Control químico de la antracnosis del mango (Mangifera indica l.) en pre y postcosecha en el Municipio Cedeño, Estado Monagas, Venezuela

Bioagro 01/2007;
Source: OAI

ABSTRACT Chemical control of anthracnose during pre and postharvest in mango, in Cedeño County, Monagas State, Venezuela Currently the most important pathologies of mango in Monagas State, Venezuela, are the spots on the foliage, flower and fruits caused by anthracnose (Colletotrichum gloesporioides Penz). It has been noted that the implementation of a spraying program containing fungicides, is the most viable practice to manage the disease, due to the fact that most of the farms are established with susceptible varieties. The experiment was conducted in farm located in the area of Tarragona, Cedeño county in Monagas State, on mango trees, cultivar Haden. The fungicides Antracol 70 PM, Curacarb 50 WP, and Captan 50 PM were used to conform the following four treatments: T1, application of Antracol eight days prior to floral induction; T2, same as T1 but including a spray of Curacarb when plants initiate blooming; T3, same as T2 plus an extra spray of Curacarb at the end of blooming; and T4, same as T3 plus a spray of Captan during fruit growth. The treatments were applied every 15 days. Additionally, a test was carried out to determine the effect of three fungicides for the control of anthracnose on harvested fruits. The fungicides were Benlate WP, Funcloraz 40 CE and Amistar Xtra. In both assays the control consisted in a treatment without fungicide applications. In the field test, the best results were found in T3 and T4 for the percentage of isolation of Colletotrichum gloesporioides, panicles with fruits, and commercial fruit yield per tree. The second test showed that the fungicides Funcloraz and Amistar achieved the best anthracnose control on harvested fruits. Additional key words: Colletotrichum gloesporioides, fungicides, postharvest management

  • Source
    [Show abstract] [Hide abstract]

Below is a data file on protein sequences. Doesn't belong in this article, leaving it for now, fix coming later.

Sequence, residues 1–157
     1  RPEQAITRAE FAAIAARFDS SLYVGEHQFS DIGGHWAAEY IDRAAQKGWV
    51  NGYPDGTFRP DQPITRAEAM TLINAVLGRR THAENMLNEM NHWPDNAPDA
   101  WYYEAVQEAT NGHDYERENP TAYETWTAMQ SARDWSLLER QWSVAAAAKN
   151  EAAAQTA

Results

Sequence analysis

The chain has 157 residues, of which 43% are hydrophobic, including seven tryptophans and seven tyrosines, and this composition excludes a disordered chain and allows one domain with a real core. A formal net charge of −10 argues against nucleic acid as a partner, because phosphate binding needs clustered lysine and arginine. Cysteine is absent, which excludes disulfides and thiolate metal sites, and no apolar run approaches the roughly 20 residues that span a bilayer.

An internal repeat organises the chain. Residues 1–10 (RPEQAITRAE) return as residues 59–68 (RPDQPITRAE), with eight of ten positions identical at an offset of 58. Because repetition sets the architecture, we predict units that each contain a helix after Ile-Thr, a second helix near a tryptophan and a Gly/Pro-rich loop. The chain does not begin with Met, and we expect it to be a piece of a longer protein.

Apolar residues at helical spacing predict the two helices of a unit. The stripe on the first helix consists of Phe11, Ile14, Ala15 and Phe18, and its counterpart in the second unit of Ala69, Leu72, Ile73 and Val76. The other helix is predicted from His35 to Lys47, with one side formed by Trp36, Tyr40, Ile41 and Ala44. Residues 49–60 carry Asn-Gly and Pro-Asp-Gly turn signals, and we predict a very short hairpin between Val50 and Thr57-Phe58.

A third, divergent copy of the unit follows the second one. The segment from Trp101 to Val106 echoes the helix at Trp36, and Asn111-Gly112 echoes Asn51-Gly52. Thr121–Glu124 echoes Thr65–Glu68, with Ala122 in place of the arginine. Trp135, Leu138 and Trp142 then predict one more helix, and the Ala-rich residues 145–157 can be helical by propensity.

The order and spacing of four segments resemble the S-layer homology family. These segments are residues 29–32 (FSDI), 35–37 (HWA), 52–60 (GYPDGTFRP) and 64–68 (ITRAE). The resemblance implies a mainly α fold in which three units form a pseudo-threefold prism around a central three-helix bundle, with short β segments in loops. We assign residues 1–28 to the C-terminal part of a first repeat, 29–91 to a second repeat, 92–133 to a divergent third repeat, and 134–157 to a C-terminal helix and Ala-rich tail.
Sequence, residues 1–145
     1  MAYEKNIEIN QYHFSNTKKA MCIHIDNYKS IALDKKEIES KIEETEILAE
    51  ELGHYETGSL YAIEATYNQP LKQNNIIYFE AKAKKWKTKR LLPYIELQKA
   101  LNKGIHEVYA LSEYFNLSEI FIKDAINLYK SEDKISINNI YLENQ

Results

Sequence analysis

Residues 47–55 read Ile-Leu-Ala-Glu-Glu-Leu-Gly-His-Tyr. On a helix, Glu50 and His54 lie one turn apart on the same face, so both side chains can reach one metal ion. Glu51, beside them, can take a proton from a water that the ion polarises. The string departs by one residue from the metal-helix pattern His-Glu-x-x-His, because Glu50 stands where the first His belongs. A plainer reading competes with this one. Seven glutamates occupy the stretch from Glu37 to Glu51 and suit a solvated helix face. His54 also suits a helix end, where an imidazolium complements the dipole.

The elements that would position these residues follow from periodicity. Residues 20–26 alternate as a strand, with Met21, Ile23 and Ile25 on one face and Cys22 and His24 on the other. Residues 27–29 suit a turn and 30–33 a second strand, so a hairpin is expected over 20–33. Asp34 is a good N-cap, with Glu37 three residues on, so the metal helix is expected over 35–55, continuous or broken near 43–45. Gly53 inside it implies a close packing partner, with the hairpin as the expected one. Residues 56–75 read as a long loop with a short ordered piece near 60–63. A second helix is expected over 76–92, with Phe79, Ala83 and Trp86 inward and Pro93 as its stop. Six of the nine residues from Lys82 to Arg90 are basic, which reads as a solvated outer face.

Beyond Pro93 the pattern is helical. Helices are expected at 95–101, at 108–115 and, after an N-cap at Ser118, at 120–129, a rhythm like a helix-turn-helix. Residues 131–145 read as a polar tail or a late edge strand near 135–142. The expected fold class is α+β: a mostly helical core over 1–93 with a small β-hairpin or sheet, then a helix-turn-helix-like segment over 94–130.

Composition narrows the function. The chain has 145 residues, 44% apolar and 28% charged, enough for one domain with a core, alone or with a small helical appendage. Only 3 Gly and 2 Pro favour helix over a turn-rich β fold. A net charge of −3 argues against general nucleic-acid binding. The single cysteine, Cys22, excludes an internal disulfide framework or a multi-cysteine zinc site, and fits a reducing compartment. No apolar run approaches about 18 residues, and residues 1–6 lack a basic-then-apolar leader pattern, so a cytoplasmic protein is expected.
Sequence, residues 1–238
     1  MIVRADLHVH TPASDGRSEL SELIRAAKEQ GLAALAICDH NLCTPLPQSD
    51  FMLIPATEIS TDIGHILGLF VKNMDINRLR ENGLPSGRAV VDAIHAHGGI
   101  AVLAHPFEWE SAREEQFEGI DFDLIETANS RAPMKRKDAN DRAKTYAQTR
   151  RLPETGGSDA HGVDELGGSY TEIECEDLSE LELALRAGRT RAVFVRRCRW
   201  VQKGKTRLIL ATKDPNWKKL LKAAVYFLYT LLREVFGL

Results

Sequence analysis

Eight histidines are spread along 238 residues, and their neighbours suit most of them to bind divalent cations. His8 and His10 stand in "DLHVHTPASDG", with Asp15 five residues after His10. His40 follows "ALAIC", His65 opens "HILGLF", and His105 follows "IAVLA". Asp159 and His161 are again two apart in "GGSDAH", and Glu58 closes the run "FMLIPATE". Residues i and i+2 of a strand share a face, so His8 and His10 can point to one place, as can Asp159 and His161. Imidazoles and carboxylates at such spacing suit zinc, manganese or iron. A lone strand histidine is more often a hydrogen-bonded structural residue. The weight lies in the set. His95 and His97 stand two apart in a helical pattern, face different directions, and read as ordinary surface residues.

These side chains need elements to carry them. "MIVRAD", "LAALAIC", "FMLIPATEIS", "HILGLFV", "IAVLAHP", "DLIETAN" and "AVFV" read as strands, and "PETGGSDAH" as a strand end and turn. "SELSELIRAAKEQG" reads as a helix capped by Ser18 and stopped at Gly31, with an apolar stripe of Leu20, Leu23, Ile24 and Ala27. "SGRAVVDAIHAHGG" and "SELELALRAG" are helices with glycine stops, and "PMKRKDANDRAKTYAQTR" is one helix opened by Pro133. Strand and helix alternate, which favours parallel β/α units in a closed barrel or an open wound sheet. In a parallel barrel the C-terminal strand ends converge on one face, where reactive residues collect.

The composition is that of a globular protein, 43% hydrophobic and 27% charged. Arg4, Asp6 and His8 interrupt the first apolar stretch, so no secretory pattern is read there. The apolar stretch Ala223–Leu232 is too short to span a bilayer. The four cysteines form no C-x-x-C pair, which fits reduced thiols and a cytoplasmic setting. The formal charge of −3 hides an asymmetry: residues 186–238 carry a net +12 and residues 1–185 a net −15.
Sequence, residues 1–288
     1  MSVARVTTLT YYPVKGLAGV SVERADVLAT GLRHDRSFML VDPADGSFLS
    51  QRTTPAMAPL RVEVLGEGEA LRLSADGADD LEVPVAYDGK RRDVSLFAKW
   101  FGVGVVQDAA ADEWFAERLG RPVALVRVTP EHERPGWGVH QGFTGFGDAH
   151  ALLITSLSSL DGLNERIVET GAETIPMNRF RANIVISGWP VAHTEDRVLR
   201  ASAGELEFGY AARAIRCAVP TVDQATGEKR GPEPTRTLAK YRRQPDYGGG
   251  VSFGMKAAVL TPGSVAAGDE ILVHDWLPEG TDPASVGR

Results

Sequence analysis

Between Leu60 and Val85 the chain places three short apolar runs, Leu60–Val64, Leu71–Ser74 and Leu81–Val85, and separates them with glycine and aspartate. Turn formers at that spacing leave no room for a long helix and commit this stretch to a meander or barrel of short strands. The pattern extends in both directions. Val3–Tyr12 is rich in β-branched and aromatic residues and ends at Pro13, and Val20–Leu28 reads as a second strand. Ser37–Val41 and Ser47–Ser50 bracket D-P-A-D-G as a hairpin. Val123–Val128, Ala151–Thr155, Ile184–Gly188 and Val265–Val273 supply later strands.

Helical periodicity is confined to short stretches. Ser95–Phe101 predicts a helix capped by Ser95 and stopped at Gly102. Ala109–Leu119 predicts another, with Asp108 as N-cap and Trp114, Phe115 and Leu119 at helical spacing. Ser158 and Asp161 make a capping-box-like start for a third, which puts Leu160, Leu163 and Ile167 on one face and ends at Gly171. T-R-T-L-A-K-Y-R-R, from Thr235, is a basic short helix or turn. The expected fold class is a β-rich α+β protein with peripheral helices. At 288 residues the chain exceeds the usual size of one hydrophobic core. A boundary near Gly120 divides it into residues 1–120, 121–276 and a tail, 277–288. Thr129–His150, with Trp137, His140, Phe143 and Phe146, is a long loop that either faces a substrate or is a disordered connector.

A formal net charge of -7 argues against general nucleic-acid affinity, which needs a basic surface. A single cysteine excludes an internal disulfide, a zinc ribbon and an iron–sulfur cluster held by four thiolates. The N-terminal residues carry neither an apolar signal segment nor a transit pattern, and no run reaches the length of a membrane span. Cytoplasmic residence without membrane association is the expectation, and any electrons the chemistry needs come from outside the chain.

ABSTRACT: Colletotrichum gloeosporioides is the causal agent of anthracnose in mango. Burkholderia cepacia XXVI, isolated from mango rhizosphere and identified by 16S rDNA sequencing as a member of B. cepacia complex, was more effective than 6 other mango rhizosphere bacteria in inhibiting the model mango pathogen, C. gloeosporioides ATCC MYA 456. Biocontrol of this pathogen was demonstrated on Petri-dishes containing PDA by > 90 % reduction of surface colonization. The nature of the biocontrol metabolite(s) was characterized via a variety of tests. The inhibition was almost exclusively due to production of agar-diffusible, not volatile, metabolite(s). The diffusible metabolite(s) underwent thermal degradation at 70 and 121 °C (1 atm). Tests for indole acetic acid production and lytic enzyme activities (cellulase, glucanase and chitinase) by B. cepacia XXVI were negative, indicating that these metabolites were not involved in the biocontrol effect. Based on halo formation and growth inhibition of the pathogen on the diagnostic medium, CAS-agar, as well as colorimetric tests we surmised that strain XXVI produced a hydroxamate siderophore involved in the biocontrol effect observed. The minimal inhibitory concentration test showed that 0.64 μg ml(-1) of siderophore (Deferoxamine mesylate salt-equivalent) was sufficient to achieve 91.1 % inhibition of the pathogen growth on Petri-dishes containing PDA. The biocontrol capacity against C. gloeosporioides ATCC MYA 456 correlated directly with the siderophore production by B. cepacia XXVI: the highest concentration of siderophore production in PDB on day 7, 1.7 μg ml(-1) (Deferoxamine mesylate salt-equivalent), promoted a pathogen growth inhibition of 94.9 %. The growth of 5 additional strains of C. gloeosporioides (isolated from mango "Ataulfo" orchards located in the municipality of Chahuites, State of Oaxaca in Mexico) was also inhibited when confronted with B. cepacia XXVI. Results indicate that B. cepacia XXVI or its siderophore have the potential to be used as a biological control agent against C. gloeosporioides; thus diminishing environmental problems caused by the current practices to control this disease.